Impulse Control

Teaching Dogs Impulse Control

Dog sitting and waiting

Teaching dogs impulse control will help in all facets of life with your dog. Dogs are very impulsive animals and often act without assessing situations or thinking about consequences. Examples of impulsive behaviors are jumping on people when greeting them, rushing out of doors, eating unknown food or items quickly, and pulling on the leash to sniff things. Teaching impulse control is teaching your dog to think before acting and gives them self-control in exciting or stressful situations. To teach your dog impulse control, think of all the things your dog LOVES and then make them work to get them. By doing this you are requiring that they stop and think about how to get the rewarding item (going for a walk, getting a treat, going out in the yard, etc.) and you are also teaching them about consequences. By listening to you and doing what you ask they get rewarded with the item they want. If they do not listen to you, they do not get rewarded. All good things now come through you. Here are some examples:

  • Train a wait or stay command. With this you ask your dog to stay put in one location while you go about your business. This is useful when making food or going through doorways.
  • Ask your dog to sit and wait at meal times. Your dog should not run up to you and start eating out of the bowl before you even put it on the ground! You could even set up a mat they have to sit on while you put the bowl down and they can only get off of it when you say OK. Every time your dog moves towards you before you say OK, pick up the bowl and start over. Gradually increase the amount of time they have to wait.
  • Ask your dog to sit and wait at all doors and gates. This will help you walk through doors safely without getting pushed over, and can also prevent your dog from running out into a busy road.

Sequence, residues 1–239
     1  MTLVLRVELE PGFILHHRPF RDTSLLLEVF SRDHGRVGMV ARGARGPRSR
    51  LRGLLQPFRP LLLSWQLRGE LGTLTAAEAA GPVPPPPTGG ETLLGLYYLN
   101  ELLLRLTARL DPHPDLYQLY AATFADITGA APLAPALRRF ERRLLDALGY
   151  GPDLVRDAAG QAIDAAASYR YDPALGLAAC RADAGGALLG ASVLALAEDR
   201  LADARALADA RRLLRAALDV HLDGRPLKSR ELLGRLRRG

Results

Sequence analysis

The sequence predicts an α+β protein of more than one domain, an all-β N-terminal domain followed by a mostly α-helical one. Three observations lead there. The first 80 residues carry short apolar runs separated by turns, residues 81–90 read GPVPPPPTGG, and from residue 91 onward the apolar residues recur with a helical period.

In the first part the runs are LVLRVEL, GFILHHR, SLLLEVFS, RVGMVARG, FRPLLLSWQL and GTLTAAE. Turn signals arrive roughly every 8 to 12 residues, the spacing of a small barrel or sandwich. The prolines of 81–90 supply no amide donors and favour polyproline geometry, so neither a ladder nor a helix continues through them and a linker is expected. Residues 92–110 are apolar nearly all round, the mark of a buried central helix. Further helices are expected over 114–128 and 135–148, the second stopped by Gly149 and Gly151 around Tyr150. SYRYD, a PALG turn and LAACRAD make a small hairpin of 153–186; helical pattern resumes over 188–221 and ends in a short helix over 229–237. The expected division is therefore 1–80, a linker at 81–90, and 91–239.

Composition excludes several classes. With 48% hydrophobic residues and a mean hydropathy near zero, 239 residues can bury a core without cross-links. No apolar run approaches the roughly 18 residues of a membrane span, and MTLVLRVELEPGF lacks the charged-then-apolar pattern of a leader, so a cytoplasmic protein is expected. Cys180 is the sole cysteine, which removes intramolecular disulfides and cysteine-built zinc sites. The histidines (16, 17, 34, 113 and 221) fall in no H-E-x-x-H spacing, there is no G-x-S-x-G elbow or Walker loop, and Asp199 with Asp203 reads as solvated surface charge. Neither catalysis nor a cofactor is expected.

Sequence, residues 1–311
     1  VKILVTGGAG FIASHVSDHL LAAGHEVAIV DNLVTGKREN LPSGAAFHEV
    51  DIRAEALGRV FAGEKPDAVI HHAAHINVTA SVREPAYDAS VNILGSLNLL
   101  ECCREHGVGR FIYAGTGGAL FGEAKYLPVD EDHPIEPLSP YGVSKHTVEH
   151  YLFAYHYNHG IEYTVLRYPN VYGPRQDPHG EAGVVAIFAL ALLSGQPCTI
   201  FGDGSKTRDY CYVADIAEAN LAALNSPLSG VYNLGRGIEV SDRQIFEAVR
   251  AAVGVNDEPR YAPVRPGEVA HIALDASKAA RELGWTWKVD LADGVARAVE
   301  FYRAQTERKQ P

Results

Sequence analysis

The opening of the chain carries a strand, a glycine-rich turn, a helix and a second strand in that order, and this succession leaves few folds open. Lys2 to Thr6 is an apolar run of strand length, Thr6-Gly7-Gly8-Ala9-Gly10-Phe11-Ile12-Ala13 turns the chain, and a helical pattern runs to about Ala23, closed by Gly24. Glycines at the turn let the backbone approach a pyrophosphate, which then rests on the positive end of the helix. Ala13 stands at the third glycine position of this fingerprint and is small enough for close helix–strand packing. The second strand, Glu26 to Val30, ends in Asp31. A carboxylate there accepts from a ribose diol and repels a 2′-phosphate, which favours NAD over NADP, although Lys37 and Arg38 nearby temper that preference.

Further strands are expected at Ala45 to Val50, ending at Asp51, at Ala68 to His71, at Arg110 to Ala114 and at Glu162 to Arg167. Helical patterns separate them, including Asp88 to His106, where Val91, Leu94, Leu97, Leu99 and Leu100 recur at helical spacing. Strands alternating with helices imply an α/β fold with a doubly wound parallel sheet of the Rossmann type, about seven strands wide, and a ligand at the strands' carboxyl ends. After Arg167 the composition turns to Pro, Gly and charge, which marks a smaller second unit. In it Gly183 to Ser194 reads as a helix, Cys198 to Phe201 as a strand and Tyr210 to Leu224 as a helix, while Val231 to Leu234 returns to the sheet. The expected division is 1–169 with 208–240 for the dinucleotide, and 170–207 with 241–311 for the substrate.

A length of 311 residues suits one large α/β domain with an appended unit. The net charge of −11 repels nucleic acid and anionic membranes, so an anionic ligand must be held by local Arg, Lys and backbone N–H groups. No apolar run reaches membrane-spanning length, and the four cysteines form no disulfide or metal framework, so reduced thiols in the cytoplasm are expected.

• Teaching your dog leave it. There are many times our dogs try to eat unsafe things in our house or out on walks. Training a leave it commands help teach them to control their urges to immediately eat unknown items, and to instead come to you for a safe, yummy treat.
  • Ask your dog to sit while you put on their collar or harness before a walk. It is no fun having to chase your dog all over because they are so excited to go for a walk that they cannot stay still. If at any point they get up before the collar is snapped, start over.
  • Make your dog sit or stand calmly when greeting people. The general rule should be “all 4 on the floor” meaning all four paws should be touching the floor before they get to say hi to a person. If at any point they jump up, immediately stop giving the dog attention and wait for them to calm down again.

At The Good Dog Spot we work on impulse control all day long. Dogs have to sit and wait at all gates until their name is called to come through. They have to be calm in their crates before getting let out after nap-time. They have to maintain low arousal at playtime and listen to staff members, or else they get a time out from playing. Be sure to carry these practices over at home and soon you will have a dog with excellent self-control!